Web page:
I was going to use an image from Madonna’s Express Yourself video, but I couldn’t find one that I thought would be acceptable to my primary audience, insofar as I have one. So there’s a steamy, sensuous shot or two of espresso up above.
A lady was telling me that she had looked at espresso machines, but that they were very expensive. So before we get down to discussing machines lets get a few things out on the table.
First off, espresso does not have more caffeine than regular coffee. It has the same amount, but it is more concentrated. I assume that it also has the same amount of other chemicals, except more highly concentrated, as in regular coffee. So if you’re drinking coffee because it is supposed to afford some protection against Alzheimer’s and other illnesses, you can probably get the same benefits from espresso, but with less liquid.
Second, there are coffee snobs. They’ll tell you all sorts of things about coffee, but what you really need to make good espresso are three things:
Good coffee. You’ll find arguments over Starbuck’s vs. Peets, or over other brands. Some people love Blue Mountain, and others like coffees from other regions. Experiment, try different regions and brands. I’m selling Mystic Monks coffee over there on the right. I’ve tried it, and it’s a good coffee. Buy some, and send me a note if you like it. A burr grinder. The cheap blade grinders produce irregularly sized grounds, with the burr you get regular, evenly sized grounds. That’s important for getting the full flavor of the coffee. I’ve used a Capresso grinder, which is no longer made, that gives decent results. I’ve put up a link to a moderately priced grinder over on the right. I haven’t tried it, but the reviews on Amazon seem to be relatively decent. An espresso machine. There are cheap ones on the market. These are the steam driven machines. You can tell them apart from the pump models because they have big caps on the water tank. For some reason the steam models do not produce as good a cup of espresso as the pump models. For one thing the coffee is hotter, and I don’t think the pressure is as consistent as it is with the pump models. I’ve been using the DeLonghi model over on the right for the past year with decent results. It manages to produce a decent crema, the brown froth on the coffee, and is very good at frothing milk for cappucino. It’s been on sale for a long while, and at $132 is a bargain.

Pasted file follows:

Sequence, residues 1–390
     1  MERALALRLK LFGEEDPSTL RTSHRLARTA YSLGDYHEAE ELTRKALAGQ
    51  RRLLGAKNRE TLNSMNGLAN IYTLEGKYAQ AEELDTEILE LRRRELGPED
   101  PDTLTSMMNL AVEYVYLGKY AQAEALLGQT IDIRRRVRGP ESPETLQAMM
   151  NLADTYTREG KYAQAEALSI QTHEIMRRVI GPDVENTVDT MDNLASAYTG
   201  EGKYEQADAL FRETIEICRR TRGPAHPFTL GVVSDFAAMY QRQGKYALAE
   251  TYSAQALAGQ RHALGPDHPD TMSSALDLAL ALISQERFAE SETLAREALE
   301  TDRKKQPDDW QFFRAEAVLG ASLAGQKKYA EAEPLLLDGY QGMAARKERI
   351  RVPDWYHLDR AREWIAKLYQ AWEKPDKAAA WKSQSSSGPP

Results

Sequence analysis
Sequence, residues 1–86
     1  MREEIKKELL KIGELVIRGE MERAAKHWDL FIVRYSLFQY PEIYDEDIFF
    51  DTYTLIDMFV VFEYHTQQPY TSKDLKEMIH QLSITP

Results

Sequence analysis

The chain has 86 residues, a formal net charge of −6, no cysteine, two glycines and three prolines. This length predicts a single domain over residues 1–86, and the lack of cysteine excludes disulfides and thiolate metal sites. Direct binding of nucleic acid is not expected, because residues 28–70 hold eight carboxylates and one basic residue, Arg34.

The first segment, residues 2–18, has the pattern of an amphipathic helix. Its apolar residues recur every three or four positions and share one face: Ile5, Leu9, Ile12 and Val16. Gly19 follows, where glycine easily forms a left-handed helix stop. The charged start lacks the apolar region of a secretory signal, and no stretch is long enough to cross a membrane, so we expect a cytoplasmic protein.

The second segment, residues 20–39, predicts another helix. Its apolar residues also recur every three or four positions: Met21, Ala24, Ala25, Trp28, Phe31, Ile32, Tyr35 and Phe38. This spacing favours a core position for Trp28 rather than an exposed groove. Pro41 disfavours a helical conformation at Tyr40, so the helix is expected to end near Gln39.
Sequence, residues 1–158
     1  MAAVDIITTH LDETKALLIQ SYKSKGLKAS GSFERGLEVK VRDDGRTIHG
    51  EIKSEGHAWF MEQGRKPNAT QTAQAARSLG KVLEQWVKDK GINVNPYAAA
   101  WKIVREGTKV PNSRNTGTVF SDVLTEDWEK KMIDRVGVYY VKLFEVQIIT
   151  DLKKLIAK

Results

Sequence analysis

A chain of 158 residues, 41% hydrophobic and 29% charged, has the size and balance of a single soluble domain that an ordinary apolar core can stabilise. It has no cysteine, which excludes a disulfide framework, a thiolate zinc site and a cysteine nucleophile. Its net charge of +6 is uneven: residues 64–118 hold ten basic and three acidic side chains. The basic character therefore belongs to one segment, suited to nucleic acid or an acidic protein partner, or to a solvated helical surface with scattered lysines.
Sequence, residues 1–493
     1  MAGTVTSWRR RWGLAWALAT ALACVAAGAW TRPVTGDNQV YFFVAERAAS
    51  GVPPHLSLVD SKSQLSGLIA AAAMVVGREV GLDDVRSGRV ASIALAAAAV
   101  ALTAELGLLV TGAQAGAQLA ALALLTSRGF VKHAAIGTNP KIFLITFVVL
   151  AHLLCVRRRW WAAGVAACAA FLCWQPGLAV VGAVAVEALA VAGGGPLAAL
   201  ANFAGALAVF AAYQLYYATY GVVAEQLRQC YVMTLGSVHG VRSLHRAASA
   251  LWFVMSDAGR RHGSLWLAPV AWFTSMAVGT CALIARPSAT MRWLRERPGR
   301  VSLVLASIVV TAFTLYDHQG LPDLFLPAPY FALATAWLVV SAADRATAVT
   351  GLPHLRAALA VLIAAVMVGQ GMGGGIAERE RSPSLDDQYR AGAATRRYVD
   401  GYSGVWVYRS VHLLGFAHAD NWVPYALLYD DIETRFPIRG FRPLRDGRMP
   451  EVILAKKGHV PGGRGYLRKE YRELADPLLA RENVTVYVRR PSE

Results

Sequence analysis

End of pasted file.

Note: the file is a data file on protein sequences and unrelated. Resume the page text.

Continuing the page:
The more expensive models of these things may have more features. They may even be better made, but if you’re budget conscious, and want to get started making a decent cup of espresso, these will get you off to a start.